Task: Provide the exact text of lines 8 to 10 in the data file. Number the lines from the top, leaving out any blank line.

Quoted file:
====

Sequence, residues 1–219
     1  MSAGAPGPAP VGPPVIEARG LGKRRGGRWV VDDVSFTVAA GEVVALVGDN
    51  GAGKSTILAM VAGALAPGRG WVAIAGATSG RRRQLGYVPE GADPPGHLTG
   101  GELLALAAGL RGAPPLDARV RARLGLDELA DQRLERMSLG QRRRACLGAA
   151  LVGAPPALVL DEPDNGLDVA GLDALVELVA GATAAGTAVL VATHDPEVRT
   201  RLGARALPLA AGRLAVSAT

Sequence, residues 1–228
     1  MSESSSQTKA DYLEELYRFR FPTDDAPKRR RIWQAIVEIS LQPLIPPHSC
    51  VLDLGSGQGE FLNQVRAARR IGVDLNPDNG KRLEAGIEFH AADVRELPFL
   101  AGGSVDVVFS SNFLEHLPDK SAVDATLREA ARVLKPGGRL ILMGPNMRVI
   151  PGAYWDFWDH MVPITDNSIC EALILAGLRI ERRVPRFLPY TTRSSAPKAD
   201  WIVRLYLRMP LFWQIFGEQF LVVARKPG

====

     1  MSESSSQTKA DYLEELYRFR FPTDDAPKRR RIWQAIVEIS LQPLIPPHSC
    51  VLDLGSGQGE FLNQVRAARR IGVDLNPDNG KRLEAGIEFH AADVRELPFL
   101  AGGSVDVVFS SNFLEHLPDK SAVDATLREA ARVLKPGGRL ILMGPNMRVI